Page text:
(By Kevin Missal. Nominated in the category of English Fiction for the REC-VoW Book Awards, 2019.)
Excerpts from the interview with Kevin Missal:
By Shweta Kapoor
Your books have been a wide success and have received a lot of positive response from the readers. How would you describe your journey so far?
Quite tough! It’s a pretty long journey for a writer. You need to make a lot of sacrifices. When I published my book and had to get my marketing money, I sold my car. I faced the initial challenges every young writer faces but, obviously, it has been a very satisfying journey so far.
Kalki is the tenth avatar of Vishnu according to Hindu belief, but unlike other avatars the description of Kalki is inconsistent through various Hindu texts. How did you come up with Kalki’s portrayal in the book? What kind of research did you do before writing his character?
I read Kalki Purana, which is a pretty recent text and is not as old as the other Puranas. The Kalki Purana was written in around 18th century, which was pretty late for a Purana to happen. Kalki was actually created because of the invaders India was facing during that time – people wanted a flag-bearer who could fight the evil. When you look at Star Wars and compare Luke Skywalker’s and Kalki’s stories, we realise that it is absolutely the same. Kalki is about a guy who is from a small village, learns he is an avatar of Vishnu, goes to the mountains, learns how to fight to become strong and godly and returns to fight evil.
Another interesting character that takes a surprising turn in the story is Arjan. Do you think what he achieved at the end of the second book was justifiable at the cost of what he lost?
Interesting question! I don’t think it’s about justifying but at the same time we see where he comes from and why and what he does, so a particular justification is that it’s very subjective. The question is for the reader instead because, by the end of the second book, we see that he isn’t exactly the same person he was. But, that’s the thing, the characters have to keep moving and changing. In Kalki 3, too, Arjan takes a surprising turn of events again.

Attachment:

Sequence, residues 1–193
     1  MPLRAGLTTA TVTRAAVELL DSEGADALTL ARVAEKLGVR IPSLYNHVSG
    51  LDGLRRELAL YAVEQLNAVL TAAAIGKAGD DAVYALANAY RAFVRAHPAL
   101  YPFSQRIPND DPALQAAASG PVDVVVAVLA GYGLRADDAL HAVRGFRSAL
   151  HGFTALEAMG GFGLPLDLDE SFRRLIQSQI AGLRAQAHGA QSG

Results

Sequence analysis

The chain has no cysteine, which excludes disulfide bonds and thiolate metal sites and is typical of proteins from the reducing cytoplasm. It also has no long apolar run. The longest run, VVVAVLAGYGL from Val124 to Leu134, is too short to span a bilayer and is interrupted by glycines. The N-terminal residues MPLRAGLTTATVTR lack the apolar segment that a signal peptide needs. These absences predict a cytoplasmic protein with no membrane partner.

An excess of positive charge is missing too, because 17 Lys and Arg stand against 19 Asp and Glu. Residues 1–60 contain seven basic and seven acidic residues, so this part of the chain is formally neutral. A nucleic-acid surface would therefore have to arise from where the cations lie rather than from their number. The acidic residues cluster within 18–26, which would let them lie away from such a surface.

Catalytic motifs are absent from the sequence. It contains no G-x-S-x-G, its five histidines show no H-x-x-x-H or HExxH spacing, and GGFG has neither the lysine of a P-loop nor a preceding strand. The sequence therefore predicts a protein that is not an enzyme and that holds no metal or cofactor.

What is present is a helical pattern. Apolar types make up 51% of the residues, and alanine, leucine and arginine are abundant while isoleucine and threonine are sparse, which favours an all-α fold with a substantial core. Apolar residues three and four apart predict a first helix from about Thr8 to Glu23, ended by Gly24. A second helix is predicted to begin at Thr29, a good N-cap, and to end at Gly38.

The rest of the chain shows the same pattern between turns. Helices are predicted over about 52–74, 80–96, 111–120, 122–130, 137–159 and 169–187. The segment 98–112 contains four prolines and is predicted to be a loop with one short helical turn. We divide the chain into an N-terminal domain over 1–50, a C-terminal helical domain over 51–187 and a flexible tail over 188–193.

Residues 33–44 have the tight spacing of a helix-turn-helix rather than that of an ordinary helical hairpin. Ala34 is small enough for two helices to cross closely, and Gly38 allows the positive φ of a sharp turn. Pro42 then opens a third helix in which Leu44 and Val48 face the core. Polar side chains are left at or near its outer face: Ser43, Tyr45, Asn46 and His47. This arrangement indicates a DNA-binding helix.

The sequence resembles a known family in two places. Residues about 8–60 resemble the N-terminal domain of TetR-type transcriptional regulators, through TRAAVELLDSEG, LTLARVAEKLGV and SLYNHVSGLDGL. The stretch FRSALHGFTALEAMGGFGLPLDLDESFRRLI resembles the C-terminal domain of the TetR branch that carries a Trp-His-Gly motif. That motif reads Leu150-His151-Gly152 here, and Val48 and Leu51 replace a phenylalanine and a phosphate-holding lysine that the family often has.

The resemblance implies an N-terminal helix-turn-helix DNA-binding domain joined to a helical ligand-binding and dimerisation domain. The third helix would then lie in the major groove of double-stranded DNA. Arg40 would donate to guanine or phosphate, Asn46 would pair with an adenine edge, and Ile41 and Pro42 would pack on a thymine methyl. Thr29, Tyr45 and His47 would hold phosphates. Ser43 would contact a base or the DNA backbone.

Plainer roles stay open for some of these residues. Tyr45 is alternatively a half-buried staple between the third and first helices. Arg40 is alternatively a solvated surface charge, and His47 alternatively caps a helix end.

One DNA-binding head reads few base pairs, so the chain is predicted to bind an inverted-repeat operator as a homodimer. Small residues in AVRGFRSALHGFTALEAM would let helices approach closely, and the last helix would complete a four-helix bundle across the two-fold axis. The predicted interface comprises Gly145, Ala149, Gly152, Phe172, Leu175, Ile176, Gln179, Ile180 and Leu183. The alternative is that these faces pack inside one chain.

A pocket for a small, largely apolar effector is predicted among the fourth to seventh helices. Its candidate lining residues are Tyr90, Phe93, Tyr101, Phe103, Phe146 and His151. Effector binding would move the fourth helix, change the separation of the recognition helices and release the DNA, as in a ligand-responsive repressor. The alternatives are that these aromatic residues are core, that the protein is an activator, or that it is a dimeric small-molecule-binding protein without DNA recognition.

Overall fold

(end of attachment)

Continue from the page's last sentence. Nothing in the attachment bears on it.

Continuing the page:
The book ends in a major cliff-hanger and eventually Kali learns new things about his past heritage and family. What would you say about his journey throughout the story?
For me, Kali isn’t always the villain, he is coming from somewhere and has seen so much, he has seen being neglected by the society to being loved again. What I liked about Kali was that we can understand why he wants to get something he strives for. Kali isn’t an evil man, he is just a guy with pretty twistable actions. He is a victim of his circumstances.
What’s up next for you? When should the readers expect the third and final book in the series?
My next book is on Lord Narasimha. It is another series altogether. It takes 2000 years prior to Kalki. It is a story of Hiranyakashyap, Narasimha and Prahlad and how they come together. Narsimha has always been portrayed as a very angry god and that is why I wanted to show why he is portrayed as angry. After that it is Kalki 3 and then there is a secret project I am working on with my publisher.
Kevin Missal is a twenty-two-year-old graduate of St Stephen’s College. He released the first book of the Kalki Trilogy, Dharmayoddha Kalki: Avatar of Vishnu, in 2017. It has been praised by many reputed newspapers, such as Millennium Post and Sunday Guardian, which termed it ‘2017’s mythological phenomenon’. Kevin loves reading, watching films, and building stories in his mind. He lives in New Delhi and can be contacted at firstname.lastname@example.org.
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